Wednesday 16 January 2019

Éamonn McGee: 'I was playing soccer for Gweedore and got sent off ... that was my All-Ireland'

IT'S not quite the modern-day equivalent of "where were you when Kennedy was shot?" but it's a good place to start with Éamonn McGee ahead of Sunday's showdown with Kerry: "Where did you watch last year's All-Ireland final?"

"I didn't watch it," he replies. "I was playing soccer (laughing) for Gweedore Celtic and I ended up getting sent off. Some boy was mouthing to be about Croke Park or something, but I ended up getting a straight red. That was the height of my All-Ireland final."

A conscious decision to avoid it? "I was just that upset. I was still sick from the performance against Mayo that I just couldn't be bothered being involved in GAA or watching it. It was just self-pity, to be honest."

A justified red card? "Oh, fully justified! It was off-the-ball."

Seven weeks earlier, McGee had suffered a similar fate in far more high-profile circumstances. His 52nd minute stamp on Enda Varley was blatant, the straight red from Joe McQuillan inevitable ... but given that Mayo led by 19 points at the time, you couldn't exactly call it a turning point. Merely a case of Donegal's meltdown in microcosm.


Jim McGuinness's vanquished champions could have gone one of two ways afterwards. As McGee sees it, "self-pity is a useless emotion" but "a lot of that was going about and we sat down together and quickly realised that we have a bit of unfinished business to do." Thus, they find themselves back in a final that few saw coming, even as the last day of August dawned.

Harking back to those torrid opening 25 minutes against Dublin, McGee says: "I distinctly remember (his brother) Neil shouting to me, 'Jesus, if we keep out the goals here, we're all right.' And he went on to be proved right. 'Papa' (Paul Durcan) pulled off a save. I think if you're honest about it, if one of them goals went in ... that was it, lights out."

Curiously, virtually all of the initial blows were struck from distance, miles from the McGees' full-back domain. "It was frustrating, because normally you're the boy getting dogged if you're down a few points," the elder sibling admits.

"All you do is ride the storm, and try and stay in it," he adds. "To say it was part of the plan to be eight-three down, you'd be lying ... but we knew this onslaught was coming. And we knew that they were not going to shoot from '45' and outside all day, and eventually they'd start missing."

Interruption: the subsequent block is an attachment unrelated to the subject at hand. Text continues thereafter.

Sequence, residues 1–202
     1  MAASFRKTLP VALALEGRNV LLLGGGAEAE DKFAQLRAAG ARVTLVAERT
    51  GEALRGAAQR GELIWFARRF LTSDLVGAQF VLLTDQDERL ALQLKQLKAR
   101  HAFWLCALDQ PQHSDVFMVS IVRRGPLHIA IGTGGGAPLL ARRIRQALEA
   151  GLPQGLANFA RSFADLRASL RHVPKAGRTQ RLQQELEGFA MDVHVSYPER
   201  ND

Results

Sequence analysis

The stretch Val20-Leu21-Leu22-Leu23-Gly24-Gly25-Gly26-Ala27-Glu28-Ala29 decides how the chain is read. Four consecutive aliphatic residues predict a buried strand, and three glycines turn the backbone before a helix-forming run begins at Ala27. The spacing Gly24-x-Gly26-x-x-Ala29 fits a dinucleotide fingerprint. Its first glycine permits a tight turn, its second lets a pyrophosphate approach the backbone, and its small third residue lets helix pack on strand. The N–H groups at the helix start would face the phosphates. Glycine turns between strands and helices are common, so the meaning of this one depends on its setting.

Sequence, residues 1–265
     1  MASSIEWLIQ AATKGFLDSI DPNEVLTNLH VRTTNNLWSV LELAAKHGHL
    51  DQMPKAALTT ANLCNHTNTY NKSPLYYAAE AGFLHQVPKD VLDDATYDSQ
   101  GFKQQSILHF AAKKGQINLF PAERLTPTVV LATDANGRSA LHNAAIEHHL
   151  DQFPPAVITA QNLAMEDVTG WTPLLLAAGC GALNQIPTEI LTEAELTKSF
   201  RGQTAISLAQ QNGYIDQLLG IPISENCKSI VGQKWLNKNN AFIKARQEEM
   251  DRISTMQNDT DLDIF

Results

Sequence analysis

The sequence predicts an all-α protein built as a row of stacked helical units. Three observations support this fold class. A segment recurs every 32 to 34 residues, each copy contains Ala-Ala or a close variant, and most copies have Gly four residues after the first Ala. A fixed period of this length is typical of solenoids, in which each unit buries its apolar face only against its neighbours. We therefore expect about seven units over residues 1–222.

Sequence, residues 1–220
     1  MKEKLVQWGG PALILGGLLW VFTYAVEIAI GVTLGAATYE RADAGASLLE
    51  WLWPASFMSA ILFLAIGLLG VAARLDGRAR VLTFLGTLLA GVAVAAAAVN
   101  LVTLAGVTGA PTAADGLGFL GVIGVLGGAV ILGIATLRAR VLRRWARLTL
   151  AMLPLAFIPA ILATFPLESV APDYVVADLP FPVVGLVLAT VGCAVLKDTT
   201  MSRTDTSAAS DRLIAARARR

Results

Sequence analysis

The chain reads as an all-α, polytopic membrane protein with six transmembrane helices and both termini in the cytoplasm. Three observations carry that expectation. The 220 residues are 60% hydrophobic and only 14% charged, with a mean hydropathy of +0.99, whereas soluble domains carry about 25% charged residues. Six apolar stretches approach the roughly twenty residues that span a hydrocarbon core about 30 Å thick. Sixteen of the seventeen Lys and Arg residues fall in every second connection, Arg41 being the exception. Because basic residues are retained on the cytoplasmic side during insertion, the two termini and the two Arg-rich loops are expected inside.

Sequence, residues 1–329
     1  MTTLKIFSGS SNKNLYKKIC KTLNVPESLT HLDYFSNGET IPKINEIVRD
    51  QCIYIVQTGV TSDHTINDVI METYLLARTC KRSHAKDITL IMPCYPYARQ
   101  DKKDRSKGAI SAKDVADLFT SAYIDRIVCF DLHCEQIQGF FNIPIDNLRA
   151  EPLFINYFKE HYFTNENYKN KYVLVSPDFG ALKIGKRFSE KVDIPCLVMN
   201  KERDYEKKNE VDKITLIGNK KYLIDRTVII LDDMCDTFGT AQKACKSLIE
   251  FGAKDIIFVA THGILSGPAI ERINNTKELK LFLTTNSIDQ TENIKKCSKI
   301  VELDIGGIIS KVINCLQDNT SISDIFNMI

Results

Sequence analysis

Now a different challenge awaits. Will Kieran Donaghy be stationed at the edge of the square? If so, Éamonn's your man. "I kind of like the big bucks coming," he says. "I played against him in 2012 (the All-Ireland quarter-final), was relatively happy, he got in for a goal in the last ten minutes. It's something I look forward to ... you have to challenge yourself against the best."


Next question: how do you stop James O'Donoghue? Cue a hesitation - "Just trying to think up a smart answer there!" - before he concludes: "James is a magical player and he'll take some stopping. It will probably be Neil or Paddy McGrath that will be on him, but no better two lads."

A decade on from his SFC debut, McGee can see clearly now that Donegal always had quality players ("the majority of this team won a national league in 2007 and you don't win that with a bad team") but not the mindset to maximise their potential.

"Every year we set out, we always said this is going to be our year. And we believed that," he stresses.

"Me and (Kevin) Cassidy and Neil have spent hours upon hours, travelling up and down to training, talking about what we would do if we won the All-Ireland. All this partying we'd be doing and where we'd be visiting. And maybe that was part of the problem. We were prepared to talk about it but not prepared to put in the actual work," he adds.

"We wouldn't have dogged ourselves - or thought we were dogging ourselves - in training if we didn't believe we were going to be in the reckoning. But we were just so far off the pace when it came down to it; it was unbelievable. And thankfully Jim has come in and changed that now, so we are eternally grateful."

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